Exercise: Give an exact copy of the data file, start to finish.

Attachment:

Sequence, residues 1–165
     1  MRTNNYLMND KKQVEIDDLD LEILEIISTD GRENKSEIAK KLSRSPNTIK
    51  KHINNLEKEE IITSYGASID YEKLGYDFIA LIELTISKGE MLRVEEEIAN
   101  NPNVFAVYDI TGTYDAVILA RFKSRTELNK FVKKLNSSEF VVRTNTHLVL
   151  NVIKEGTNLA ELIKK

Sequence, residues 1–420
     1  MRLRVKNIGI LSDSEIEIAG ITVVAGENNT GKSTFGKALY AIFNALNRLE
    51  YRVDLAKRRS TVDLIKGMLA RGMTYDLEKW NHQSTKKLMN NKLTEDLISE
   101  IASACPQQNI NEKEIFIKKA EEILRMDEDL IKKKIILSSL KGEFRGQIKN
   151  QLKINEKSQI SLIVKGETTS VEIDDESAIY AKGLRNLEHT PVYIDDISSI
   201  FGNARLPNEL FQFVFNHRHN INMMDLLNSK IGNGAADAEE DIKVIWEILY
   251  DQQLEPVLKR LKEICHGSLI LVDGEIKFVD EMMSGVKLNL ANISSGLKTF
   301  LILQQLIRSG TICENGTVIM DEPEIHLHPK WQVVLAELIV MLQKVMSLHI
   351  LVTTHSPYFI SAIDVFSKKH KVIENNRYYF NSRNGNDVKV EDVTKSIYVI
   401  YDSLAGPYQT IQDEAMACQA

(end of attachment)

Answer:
Sequence, residues 1–165
     1  MRTNNYLMND KKQVEIDDLD LEILEIISTD GRENKSEIAK KLSRSPNTIK
    51  KHINNLEKEE IITSYGASID YEKLGYDFIA LIELTISKGE MLRVEEEIAN
   101  NPNVFAVYDI TGTYDAVILA RFKSRTELNK FVKKLNSSEF VVRTNTHLVL
   151  NVIKEGTNLA ELIKK

Sequence, residues 1–420
     1  MRLRVKNIGI LSDSEIEIAG ITVVAGENNT GKSTFGKALY AIFNALNRLE
    51  YRVDLAKRRS TVDLIKGMLA RGMTYDLEKW NHQSTKKLMN NKLTEDLISE
   101  IASACPQQNI NEKEIFIKKA EEILRMDEDL IKKKIILSSL KGEFRGQIKN
   151  QLKINEKSQI SLIVKGETTS VEIDDESAIY AKGLRNLEHT PVYIDDISSI
   201  FGNARLPNEL FQFVFNHRHN INMMDLLNSK IGNGAADAEE DIKVIWEILY
   251  DQQLEPVLKR LKEICHGSLI LVDGEIKFVD EMMSGVKLNL ANISSGLKTF
   301  LILQQLIRSG TICENGTVIM DEPEIHLHPK WQVVLAELIV MLQKVMSLHI
   351  LVTTHSPYFI SAIDVFSKKH KVIENNRYYF NSRNGNDVKV EDVTKSIYVI
   401  YDSLAGPYQT IQDEAMACQA